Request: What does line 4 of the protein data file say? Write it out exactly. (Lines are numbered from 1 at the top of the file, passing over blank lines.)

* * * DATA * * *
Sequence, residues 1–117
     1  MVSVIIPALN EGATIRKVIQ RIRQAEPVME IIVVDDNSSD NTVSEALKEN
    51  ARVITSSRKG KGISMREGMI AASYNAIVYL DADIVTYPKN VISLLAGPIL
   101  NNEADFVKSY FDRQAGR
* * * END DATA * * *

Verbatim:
   101  NNEADFVKSY FDRQAGR